On 5 operational tours he claimed 16 solo victories and 6 shared victories. Add to this 2 probable victories, 9 planes damaged, shared damage of 4 more and one grounded plane destroyed, it makes quite a record.
Joining the RAF
After graduating from Ampleforth, Lovell enlisted with the Royal Air Force on a short service commission on 25th October 1937. By 6th January 1938, he had taken to the skies at No. 6 Flying Training School, RAF Netheravon, Wiltshire.
He became an Acting Pilot Officer and by 20th August 1938, had joined RAF 41 Squadron at RAF Catterick, North Yorkshire. With World War Two still a year away, they flew Hawker Fury biplanes.
By 25th October 1938, Tony had his wings and Pilot Officer Anthony Desmond Joseph Lovell took to the skies. 1939 saw the continuation of training with a parachute course at RAF Mantson, Kent in March. On 22nd July 1939, Lovell began Operational Duties attached to Station Headquarters at RAF Catterick, North Yorkshire.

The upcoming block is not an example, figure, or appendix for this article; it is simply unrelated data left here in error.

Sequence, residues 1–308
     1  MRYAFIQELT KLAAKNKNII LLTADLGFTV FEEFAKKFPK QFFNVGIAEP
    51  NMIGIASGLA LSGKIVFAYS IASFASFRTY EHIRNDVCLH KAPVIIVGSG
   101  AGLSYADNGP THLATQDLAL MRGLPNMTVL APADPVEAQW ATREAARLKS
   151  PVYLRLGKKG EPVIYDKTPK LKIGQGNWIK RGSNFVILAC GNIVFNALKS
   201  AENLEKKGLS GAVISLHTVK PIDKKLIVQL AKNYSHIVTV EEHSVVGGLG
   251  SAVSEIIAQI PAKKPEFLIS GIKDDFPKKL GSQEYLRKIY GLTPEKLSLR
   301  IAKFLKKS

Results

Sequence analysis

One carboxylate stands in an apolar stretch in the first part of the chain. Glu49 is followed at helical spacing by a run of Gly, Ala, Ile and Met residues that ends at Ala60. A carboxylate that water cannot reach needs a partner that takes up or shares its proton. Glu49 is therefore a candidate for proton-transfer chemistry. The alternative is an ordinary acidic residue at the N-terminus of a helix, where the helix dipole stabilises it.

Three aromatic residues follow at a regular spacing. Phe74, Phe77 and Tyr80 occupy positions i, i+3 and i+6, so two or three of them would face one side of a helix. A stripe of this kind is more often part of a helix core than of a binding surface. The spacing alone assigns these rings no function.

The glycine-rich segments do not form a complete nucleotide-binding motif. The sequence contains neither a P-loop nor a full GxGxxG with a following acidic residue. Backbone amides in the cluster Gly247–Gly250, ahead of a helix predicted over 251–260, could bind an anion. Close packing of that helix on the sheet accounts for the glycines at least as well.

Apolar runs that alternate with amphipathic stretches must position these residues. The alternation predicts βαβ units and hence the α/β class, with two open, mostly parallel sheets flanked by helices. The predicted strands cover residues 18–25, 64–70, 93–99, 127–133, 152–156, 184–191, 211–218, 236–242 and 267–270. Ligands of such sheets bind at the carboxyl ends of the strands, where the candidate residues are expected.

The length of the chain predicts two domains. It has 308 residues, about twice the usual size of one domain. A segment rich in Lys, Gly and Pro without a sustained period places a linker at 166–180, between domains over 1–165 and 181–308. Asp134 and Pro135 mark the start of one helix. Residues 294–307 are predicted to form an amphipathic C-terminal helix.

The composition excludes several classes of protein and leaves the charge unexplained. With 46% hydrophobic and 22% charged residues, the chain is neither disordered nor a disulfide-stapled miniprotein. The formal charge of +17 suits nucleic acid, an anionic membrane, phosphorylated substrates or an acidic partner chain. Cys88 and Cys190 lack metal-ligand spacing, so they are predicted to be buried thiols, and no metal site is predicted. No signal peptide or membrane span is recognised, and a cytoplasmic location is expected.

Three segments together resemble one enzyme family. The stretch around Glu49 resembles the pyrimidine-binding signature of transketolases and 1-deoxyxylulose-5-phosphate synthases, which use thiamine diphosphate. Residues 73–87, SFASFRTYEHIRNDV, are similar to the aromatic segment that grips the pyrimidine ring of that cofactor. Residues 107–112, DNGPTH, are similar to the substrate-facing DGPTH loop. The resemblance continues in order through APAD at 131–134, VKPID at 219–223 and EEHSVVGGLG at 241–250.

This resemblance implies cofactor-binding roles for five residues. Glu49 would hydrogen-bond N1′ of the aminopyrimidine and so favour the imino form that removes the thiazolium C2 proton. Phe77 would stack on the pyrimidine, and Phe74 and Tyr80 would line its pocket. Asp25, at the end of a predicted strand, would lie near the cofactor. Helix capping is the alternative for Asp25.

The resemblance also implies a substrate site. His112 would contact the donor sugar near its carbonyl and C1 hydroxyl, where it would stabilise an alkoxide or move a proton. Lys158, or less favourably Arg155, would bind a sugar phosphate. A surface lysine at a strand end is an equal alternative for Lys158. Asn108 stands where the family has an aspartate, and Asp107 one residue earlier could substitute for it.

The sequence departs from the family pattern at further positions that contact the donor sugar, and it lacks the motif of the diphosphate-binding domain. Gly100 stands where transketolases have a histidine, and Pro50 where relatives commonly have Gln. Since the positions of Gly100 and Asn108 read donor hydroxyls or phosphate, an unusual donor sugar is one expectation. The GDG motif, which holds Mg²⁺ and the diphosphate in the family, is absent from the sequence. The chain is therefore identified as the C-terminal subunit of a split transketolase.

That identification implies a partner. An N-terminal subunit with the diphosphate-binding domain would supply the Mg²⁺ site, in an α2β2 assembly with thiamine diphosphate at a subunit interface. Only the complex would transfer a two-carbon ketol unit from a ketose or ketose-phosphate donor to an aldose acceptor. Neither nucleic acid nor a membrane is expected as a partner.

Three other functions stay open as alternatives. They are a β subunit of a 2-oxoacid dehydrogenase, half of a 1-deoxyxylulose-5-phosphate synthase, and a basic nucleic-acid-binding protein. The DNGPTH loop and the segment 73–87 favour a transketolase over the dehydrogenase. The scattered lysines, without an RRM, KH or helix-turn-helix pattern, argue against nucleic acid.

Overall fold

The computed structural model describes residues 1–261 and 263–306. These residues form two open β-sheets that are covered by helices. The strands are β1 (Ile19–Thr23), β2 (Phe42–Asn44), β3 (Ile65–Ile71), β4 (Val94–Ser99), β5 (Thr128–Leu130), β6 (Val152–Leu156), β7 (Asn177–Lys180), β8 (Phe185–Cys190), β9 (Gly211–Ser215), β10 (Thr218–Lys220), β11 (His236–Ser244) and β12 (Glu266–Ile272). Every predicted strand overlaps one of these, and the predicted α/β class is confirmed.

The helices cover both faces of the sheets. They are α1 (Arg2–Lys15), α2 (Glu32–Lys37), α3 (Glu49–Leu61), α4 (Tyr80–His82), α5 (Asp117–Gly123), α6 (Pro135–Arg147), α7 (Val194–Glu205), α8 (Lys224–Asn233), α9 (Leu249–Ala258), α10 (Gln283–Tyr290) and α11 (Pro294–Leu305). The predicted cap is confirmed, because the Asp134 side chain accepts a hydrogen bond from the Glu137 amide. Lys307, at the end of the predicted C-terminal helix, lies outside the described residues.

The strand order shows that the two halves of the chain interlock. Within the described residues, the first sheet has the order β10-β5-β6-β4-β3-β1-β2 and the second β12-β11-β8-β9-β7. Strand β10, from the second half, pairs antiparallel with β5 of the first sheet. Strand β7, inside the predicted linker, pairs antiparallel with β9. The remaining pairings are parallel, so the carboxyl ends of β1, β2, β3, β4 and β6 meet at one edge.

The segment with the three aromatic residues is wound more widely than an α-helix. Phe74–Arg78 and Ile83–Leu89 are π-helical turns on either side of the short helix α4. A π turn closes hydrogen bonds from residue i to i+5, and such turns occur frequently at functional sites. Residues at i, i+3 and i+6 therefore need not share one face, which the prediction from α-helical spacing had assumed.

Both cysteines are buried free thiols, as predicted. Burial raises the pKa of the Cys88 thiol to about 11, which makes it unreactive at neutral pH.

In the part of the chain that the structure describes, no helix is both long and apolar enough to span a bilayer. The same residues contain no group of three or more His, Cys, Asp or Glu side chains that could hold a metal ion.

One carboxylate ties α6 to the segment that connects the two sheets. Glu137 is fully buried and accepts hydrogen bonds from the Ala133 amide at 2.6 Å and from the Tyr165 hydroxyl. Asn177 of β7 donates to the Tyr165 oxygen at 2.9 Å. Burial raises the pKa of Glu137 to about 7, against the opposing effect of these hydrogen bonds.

The outbreak of war meant a return to the air for Lovell. On 20th November 1939, he rejoined RAF 41 Squadron, moving from the Hawker Fury to the new Supermarine Spitfire. This would be the plane in which Lovell would excel.
The Battle of Britain
On 25th May 1940, he received a promotion to Flying Officer. Three days later, RAF 41 Squadron moved to RAF Hornchurch, Essex. Lovell saw his first action over the English channel and at Dunkirk. On 31st May 1940, Lovell scored his first shared victory. An early morning patrol over Dover, Kent with wingman Flight Lieutenant John T Webster put him up against a Heinkel HE111. Both men claimed half a victory.